Juba, SOUTH SUDAN — Southern Sudanese and dignitaries from around the world watched the new flag of the Republic of South Sudan be raised for the first time at independence celebrations in the new country’s capital, Juba, on Saturday.
The crowd turned ecstatic as the flag was raised while the old one was lowered.
South Sudan became the world’s newest country on Saturday.
South Sudan’s president, Salva Kiir Mayardit, signed the transitional constitution and then took the oath of office with his hand on the document.
Moments earlier, James Wani Igga, the speaker of the legislative assembly, read aloud the proclamation of independence to cheers from the crowd.
“We have waited for this day for 56 years,” said James Makuach, who was among the tens of thousands of Southern Sudanese gathered under a blazing sun.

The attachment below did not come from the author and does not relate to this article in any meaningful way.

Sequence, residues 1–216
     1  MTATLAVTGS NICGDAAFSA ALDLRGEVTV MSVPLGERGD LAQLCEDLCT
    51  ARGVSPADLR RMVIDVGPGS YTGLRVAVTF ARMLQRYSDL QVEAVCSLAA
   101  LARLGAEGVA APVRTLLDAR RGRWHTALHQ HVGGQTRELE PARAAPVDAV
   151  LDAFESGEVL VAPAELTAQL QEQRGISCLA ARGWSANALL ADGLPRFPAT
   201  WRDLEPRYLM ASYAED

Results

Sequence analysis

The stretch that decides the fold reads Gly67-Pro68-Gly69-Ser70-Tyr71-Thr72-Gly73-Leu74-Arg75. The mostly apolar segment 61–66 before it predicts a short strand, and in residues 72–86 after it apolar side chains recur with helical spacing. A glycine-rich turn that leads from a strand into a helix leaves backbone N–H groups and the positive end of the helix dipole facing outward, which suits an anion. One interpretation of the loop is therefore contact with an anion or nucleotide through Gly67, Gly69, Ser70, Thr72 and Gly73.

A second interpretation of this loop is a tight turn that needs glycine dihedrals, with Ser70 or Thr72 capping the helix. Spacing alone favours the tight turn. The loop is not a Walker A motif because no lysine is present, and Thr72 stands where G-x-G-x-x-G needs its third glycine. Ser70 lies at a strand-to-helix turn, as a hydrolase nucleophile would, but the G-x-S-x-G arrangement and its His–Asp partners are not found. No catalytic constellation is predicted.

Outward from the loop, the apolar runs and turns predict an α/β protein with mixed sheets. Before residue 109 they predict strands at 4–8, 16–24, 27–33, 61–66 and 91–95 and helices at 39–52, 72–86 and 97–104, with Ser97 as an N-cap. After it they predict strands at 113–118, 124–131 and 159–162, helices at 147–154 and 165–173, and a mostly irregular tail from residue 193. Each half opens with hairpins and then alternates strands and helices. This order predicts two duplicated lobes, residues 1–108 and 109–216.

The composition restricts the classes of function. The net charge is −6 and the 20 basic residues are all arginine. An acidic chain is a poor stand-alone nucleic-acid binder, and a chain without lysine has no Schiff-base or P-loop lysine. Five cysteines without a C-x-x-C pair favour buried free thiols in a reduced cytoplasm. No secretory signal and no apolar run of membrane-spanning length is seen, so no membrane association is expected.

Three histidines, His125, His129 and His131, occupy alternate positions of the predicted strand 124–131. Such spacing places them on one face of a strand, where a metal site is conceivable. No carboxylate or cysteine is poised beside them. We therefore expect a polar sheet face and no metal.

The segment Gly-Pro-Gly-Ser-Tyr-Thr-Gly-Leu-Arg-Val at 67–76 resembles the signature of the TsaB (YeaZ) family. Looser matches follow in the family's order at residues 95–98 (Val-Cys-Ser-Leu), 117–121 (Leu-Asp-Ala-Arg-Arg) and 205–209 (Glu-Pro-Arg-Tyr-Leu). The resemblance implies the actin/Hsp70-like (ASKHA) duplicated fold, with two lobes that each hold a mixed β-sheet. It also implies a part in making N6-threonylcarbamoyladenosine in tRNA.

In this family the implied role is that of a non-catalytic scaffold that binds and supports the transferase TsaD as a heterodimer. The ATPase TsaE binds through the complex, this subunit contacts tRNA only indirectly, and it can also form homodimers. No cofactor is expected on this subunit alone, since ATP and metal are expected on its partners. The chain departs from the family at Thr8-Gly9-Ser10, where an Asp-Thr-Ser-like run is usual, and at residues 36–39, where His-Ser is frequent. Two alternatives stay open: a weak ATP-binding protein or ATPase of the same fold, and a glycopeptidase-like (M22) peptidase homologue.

“I have only seen war, so this is an emotional moment for me. No more war,” he added.
Northerners and southerners were engaged in a two-decade long civil war that left around 2 million people dead. That conflict ended in 2005 with the Comprehensive Peace Agreement.
Funny how most articles omit some tiny details about the warring. Of all places, AOL speaks what can not be spoken.
A civil war between Arabic-speaking Muslims in the north and Christians in the south - not to mention a plethora of smaller but no less deadly conflicts - made southern Sudan a destination for UN peacekeepers and kept it well off the tourist map for the last decade.
The new country is hardly peaceful, but the erasure of borders drawn arbitrarily by colonial powers fuels hope that the racial and religious tensions that drove the conflict could be eased.